After copying the HTML code into your pages you will need to upload all 3 of them again, and tell Website Optimiser when you’ve done so.

Website Optimiser will then check that the pages can still be accessed and that the code has been correctly installed. Assuming everything is OK, you’re all set to go.

You continue to promote and drive traffic to your control (original) page and Website Optimiser will split it between your control page and your variation page. It does this for all traffic hitting your control page, whether or not it comes from Adwords.

After a while you’ll begin to see which page is generating the most conversions. Clearly the bigger the sample you can measure the more accurate the results will be. Website Optimiser will tell you once you have enough data to see a valid result, but you can continue the experiment as long as you like in order to validate the initial feedback.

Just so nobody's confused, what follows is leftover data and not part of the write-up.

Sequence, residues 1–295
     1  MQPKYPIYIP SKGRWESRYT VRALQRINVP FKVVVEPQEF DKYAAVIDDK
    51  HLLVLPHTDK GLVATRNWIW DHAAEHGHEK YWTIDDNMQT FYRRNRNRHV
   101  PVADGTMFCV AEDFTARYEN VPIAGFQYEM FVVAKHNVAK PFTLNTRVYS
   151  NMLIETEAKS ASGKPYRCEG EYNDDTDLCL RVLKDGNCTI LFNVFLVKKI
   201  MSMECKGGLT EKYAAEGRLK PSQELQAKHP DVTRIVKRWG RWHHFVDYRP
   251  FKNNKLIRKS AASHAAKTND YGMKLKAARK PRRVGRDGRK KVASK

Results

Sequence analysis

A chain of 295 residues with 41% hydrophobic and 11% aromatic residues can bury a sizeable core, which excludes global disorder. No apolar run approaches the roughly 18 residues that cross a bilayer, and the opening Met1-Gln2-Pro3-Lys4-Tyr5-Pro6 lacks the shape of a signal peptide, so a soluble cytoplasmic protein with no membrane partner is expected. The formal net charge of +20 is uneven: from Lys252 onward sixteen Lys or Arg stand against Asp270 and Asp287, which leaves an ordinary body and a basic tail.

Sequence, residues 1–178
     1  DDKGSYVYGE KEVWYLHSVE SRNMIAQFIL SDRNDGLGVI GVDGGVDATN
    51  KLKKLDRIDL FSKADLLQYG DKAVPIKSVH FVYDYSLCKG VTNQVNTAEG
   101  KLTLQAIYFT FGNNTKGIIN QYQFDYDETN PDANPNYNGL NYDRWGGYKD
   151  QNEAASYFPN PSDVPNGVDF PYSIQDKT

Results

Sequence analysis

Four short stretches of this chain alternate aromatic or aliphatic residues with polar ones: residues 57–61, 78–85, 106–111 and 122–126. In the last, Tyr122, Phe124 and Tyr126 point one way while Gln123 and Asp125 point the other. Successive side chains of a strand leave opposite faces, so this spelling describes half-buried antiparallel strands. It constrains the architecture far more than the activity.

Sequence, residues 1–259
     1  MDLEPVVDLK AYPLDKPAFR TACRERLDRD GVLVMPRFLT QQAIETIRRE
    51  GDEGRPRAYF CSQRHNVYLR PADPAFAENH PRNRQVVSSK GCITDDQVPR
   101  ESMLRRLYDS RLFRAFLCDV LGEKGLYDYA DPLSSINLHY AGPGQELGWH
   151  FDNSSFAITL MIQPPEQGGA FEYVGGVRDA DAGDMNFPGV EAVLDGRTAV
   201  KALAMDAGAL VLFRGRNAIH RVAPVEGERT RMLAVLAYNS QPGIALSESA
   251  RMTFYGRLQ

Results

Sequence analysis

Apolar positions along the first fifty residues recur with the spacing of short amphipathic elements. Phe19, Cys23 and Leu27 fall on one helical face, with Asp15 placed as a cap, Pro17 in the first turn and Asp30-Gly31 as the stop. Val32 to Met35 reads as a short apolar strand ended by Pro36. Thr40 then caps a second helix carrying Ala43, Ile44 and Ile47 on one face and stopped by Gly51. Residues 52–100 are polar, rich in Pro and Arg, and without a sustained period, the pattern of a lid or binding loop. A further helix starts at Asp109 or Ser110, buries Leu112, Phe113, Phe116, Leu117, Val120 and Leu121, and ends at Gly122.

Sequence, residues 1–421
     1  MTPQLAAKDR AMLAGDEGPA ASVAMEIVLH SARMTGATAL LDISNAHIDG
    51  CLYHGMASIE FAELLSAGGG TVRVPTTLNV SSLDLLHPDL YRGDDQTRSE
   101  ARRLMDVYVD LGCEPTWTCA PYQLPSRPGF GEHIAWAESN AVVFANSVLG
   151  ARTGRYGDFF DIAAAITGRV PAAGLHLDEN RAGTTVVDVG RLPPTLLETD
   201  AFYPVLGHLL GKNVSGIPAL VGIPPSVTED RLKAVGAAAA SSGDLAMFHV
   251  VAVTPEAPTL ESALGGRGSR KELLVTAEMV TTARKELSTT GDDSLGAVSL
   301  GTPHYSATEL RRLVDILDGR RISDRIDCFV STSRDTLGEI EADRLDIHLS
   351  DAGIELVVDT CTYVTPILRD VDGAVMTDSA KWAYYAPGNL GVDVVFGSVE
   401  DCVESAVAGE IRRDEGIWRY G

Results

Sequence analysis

The beauty of doing split testing in this way is that you can continue to improve the effectiveness of your landing pages over time.

After your initial experiment you can convert the ‘winning’ page to the control page, create another variation page and start a new experiment. And you can repeat this process over and over again.

In keeping with the Keep It Short and Simple principle, here’s how I do my testing:

I take my initial landing page and make a copy of it. I then change 1 element and set up the experiment. So what I’m testing are two identical pages except for the 1 element I’ve changed.

I don’t change more than 1 element per experiment. If I changed several elements I wouldn’t know which one made the difference.